How science would fare under a Clinton or Trump administration

In a presidential election season dominated by talk of birth certificates, tax returns and email servers, science has rarely made headlines. But that doesn’t mean it’s irrelevant. On the contrary, policy decisions made by the next president will influence the future of the planet and all its inhabitants for years to come.

That’s why ScienceDebate.org — an effort supported by dozens of organizations, including the American Assn. for the Advancement of Science, the National Academy of Sciences and the Union of Concerned Scientists — asked the candidates to share their views on some overlooked issues. In their responses, Democrat Hillary Clinton and Republican Donald Trump explained their goals for space exploration, their plans to address climate change, and how they would prioritize investments in scientific research, among many other topics.

Excerpts are printed below. The candidates' complete replies, along with those of Libertarian Gary Johnson and Jill Stein of the Green Party, are online at sciencedebate.org/20answers.

What are your science and engineering research priorities and how will you balance short-term versus long-term funding?

Clinton: The United States is under-investing in research. Federal funding of basic research amounts to less than 1% of annual federal spending, yet it is an investment that pays big dividends. I believe it is essential that we strengthen our research capacity by funding talented young investigators, looking for ways to prioritize “high-risk, high-reward” projects that have the potential to transform entire fields, and enhancing partnerships between government, universities and the private sector. 

Trump: The premise of this question is exactly correct — scientific advances do require long-term investment. This is why we must have programs such as a viable space program that serve as incubators to innovation and the advancement of science and engineering in a number of fields.  We should also bring together stakeholders and examine what the priorities ought to be for the nation.  

What should America's national goals be for space exploration and earth observation from space, and what steps would your administration take to achieve them?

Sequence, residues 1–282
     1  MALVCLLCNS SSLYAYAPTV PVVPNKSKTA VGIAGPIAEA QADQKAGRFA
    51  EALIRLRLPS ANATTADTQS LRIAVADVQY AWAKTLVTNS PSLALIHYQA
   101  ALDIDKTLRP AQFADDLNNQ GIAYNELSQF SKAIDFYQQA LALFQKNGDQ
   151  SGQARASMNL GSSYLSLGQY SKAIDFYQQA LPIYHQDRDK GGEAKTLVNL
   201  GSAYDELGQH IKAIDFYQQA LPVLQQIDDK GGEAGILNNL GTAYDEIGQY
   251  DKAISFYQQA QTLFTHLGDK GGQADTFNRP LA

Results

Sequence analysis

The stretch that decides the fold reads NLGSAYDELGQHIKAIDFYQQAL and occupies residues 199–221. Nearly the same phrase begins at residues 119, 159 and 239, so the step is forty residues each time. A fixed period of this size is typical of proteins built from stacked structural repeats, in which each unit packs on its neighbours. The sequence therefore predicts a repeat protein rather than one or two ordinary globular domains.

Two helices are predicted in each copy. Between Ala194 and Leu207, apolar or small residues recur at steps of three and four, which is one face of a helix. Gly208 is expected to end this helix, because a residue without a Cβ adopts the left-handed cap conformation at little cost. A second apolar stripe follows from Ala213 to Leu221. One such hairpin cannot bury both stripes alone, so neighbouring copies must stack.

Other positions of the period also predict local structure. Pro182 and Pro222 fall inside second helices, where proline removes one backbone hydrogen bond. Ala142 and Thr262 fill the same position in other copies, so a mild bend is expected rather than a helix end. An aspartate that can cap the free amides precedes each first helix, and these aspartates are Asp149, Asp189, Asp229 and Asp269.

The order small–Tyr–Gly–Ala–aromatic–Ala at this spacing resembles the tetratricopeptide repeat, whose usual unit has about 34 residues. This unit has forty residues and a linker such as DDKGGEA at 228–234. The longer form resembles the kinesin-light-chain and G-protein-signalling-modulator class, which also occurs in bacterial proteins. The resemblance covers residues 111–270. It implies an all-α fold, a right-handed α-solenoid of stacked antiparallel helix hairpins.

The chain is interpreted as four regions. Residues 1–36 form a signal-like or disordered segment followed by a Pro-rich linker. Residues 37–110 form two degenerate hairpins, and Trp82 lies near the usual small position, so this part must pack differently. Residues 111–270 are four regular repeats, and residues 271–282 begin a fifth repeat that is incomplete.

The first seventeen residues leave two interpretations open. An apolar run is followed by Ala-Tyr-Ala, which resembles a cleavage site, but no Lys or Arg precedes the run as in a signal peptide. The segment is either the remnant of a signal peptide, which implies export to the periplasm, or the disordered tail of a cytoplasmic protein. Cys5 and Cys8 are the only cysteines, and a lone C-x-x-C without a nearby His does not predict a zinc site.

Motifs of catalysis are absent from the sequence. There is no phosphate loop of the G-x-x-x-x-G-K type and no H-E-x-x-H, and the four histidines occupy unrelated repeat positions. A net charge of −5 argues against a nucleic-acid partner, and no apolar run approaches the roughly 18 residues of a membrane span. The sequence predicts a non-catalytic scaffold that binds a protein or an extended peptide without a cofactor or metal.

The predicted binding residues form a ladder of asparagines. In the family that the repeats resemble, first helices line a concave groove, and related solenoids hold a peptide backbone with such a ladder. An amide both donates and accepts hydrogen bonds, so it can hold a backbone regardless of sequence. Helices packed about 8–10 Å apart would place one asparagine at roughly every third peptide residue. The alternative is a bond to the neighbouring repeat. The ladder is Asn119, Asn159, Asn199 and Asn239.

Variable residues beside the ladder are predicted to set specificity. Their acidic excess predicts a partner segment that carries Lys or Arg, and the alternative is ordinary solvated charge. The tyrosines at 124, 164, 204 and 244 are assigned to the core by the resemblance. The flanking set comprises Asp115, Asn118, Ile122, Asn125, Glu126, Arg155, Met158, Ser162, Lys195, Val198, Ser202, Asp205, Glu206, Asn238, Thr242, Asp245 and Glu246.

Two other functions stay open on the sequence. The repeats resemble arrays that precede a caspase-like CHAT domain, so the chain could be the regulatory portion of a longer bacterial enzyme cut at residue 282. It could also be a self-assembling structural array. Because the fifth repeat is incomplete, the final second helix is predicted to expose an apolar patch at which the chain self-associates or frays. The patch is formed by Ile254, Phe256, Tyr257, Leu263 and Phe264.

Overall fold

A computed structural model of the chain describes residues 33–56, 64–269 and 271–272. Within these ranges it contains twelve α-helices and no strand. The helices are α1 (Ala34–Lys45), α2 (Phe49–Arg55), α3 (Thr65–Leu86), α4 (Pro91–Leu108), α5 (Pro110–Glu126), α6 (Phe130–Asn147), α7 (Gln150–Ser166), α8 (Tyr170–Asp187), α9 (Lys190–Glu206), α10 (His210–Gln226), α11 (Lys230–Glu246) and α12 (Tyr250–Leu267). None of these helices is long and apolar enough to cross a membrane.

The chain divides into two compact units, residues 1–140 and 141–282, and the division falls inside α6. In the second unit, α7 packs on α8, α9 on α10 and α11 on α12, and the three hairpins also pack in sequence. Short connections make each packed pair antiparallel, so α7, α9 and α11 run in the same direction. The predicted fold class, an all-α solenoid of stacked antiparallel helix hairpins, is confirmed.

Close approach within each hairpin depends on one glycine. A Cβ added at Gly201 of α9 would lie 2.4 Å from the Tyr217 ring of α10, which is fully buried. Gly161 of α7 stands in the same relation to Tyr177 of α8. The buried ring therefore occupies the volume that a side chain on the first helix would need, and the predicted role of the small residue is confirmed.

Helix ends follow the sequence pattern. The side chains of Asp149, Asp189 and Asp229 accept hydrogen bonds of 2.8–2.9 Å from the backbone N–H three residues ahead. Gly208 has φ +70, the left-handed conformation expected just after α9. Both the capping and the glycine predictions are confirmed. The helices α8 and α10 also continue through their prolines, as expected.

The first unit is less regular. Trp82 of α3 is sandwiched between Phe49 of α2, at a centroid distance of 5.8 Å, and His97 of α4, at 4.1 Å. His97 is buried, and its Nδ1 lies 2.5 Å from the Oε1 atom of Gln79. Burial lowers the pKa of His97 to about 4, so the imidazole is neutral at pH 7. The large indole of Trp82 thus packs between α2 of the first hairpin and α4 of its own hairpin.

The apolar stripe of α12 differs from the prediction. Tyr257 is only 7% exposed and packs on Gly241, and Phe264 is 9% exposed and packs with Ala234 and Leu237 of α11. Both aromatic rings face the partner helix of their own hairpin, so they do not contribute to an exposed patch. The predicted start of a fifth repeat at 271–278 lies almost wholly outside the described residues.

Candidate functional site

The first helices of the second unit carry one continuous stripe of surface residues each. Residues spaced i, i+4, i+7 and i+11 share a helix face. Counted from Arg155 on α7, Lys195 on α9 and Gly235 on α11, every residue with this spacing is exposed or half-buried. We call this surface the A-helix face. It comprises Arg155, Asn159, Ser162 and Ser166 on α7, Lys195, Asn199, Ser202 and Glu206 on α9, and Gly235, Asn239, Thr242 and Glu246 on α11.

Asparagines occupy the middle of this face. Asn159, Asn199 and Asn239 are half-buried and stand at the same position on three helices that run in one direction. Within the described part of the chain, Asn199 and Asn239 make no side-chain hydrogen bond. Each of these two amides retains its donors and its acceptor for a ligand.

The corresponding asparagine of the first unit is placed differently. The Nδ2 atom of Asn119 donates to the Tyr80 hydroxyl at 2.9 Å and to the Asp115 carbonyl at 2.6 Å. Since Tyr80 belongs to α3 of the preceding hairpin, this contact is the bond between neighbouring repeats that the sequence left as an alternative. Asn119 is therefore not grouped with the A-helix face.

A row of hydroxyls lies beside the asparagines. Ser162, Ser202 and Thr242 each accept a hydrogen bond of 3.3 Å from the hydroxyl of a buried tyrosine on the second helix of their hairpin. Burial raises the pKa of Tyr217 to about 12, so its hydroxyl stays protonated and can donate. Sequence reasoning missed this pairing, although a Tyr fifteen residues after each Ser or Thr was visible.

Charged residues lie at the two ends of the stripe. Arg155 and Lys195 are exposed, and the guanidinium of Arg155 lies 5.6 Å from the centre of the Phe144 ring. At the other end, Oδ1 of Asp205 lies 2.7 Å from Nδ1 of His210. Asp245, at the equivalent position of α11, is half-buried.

Clinton: President Kennedy’s challenge in 1962 to go to the moon within a decade electrified the nation, prompted a long period of American leadership in science and technology, and spurred a generation of innovators. 

We must maintain our nation’s leadership in space with a program that balances science, technology and exploration; protect our security and the future of the planet through international collaboration and Earth systems monitoring; expand our robotic presence in the solar system; and maximize the impact of our R&D and other space program investments by promoting stronger coordination across federal agencies and cooperation with industry. 

As a young girl, I was so inspired by America’s leadership and accomplishments in space that I wrote to NASA about becoming an astronaut. As president, I will help inspire the next generation of young Americans and do what I can to ensure that we have the world’s most exciting and advanced space program.

Trump: Space exploration has given so much to America, including tremendous pride in our scientific and engineering prowess. A strong space program will encourage our children to seek STEM educational outcomes and will bring millions of jobs and trillions of dollars in investment to this country. Observation from space and exploring beyond our own space neighborhood should be priorities. We should also seek global partners, because space is not the sole property of America. All humankind benefits from reaching into the stars.

What are your views on climate change, and how would your administration act on those views?

Clinton: The science is crystal clear. Climate change is an urgent threat and a defining challenge of our time, and its impacts are already being felt at home and around the world. I will set three goals that we will achieve within 10 years of taking office and which will make America the clean energy superpower of the 21st century:

• Generate half of our electricity from clean sources, with half a billion solar panels installed by the end of my first term.

• Cut energy waste in American homes, schools, hospitals and offices by a third and make American manufacturing the cleanest and most efficient in the world.

• Reduce American oil consumption by a third through cleaner fuels and more efficient cars, boilers, ships, and trucks.

Trump: There is still much that needs to be investigated in the field of “climate change.” Perhaps the best use of our limited financial resources should be in dealing with making sure that every person in the world has clean water. Perhaps we should focus on eliminating lingering diseases around the world like malaria. Perhaps we should focus on efforts to increase food production to keep pace with an ever-growing world population. Perhaps we should be focused on developing energy sources and power production that alleviates the need for dependence on fossil fuels.

Scientists are finding that the variety and variability of life is diminishing at an alarming rate as a result of human activity. What steps will you take to protect biological diversity?